October 2003 - Posts - Jon Galloway

October 2003 - Posts

XAML Emulator?

Wouldn't an Avalon / XAML emulator be great? Kinda like the PocketPC emulator that's part of the MS Embeded Visual Toolkit. Then those of us who didn't get to PDC, don't have Longhorn, but would love to start working with XAML could at least start getting acquainted with it.

Of course Avalon is a huge project that supports some pretty complex capabilities, but I'd like to try just throwing some buttons on forms and getting my first Hello World going. Since it's XML based, it would seem like a rough emulator could be built with some XSL to build an ASPX HTML page with System.Web.UI or even .NET (I mean WinFX) UI components, right? I'm probably missing something that makes this more complex.

I guess there's another option - buy the PDC disks and find a spare computer to install Longhorn.

Update: Quoth DonXML “We (the SharpVectors team) are going to try to update our open source SVG .Net rendering engine to be able to handle XAML. If anyone would like to lend a hand please contact me.” Woo hoo!

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ASP.NET New Web Project System

As a full time ASP.NET developer, this is one of my favorite Whidbey features: ASP.NET offers support for File System and FTP projects, and much smoother Local IIS integration. That's going to save me tons of time and aggravation.

The DLL location process (probing) used for .NET Windows applications has always pretty durned sophisticated. The ASP.NET method, on the other hand, is pretty simple - go to the app root, look for a sub-folder called bin, and that's where the DLL's must be. I've always wondered why, every time I popped open the IIS MMC.

It's not because it's impossible to determine other likely locations - the web.config can be in any any subdirectory in the path hierarchy. More likely was that (1) there's some kind of security or permission issue I haven't considered, (2) that I'm the only person this bugs, or (3) this was lower priority than other features that have made it to the platform to date. I'd hoped it was the third...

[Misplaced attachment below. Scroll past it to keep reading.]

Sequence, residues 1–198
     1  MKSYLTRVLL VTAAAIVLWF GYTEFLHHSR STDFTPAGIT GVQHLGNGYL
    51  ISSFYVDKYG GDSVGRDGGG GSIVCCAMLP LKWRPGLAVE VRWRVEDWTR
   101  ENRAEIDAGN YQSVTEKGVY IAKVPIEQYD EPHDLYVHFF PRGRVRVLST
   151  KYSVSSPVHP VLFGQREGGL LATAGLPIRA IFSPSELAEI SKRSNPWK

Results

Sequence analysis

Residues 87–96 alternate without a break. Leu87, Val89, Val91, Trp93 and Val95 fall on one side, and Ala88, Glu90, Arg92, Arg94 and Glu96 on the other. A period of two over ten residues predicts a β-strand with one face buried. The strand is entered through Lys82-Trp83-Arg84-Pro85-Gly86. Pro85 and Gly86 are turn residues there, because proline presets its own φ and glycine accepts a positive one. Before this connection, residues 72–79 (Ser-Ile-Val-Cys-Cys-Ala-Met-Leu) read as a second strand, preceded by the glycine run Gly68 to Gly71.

Now, it's not like this is much of a problem when you're creating a new web app - VS.NET creates the a virtual for you. So, what's the problem?

1. Complicates deployments - Web Setup Projects can simplify the process, but the fact is that setting up a new web app means getting on the server - not the XCOPY deployment model .NET uses elsewhere. Desktop app setup got simpler with .NET, and Web app deployment acutally got harder - ASP deployment was just copying files, which were all self contained. This is more painful if you're working on a big team, on lots of ASP.NET apps.

2. Sample code / projects require installation - Desktop / Console apps are simple; ASP.NET apps require several steps: (1) copy to a folder (2) set up a Virtual Root with IIS Application (3) edit the webinfo and sln files to point at your virtual, if you plan to open the solution instead of the project.

ASP.NET projects use the IIS Application as a process boundary, a means of keeping Sessions and Applications separate between Apps, etc. - see Paul Wilson's excellent articles about IIS Applications and ASP.NET Specifics and IIS Applications and Virtual Directories. I wonder how the new Web Projects handle this?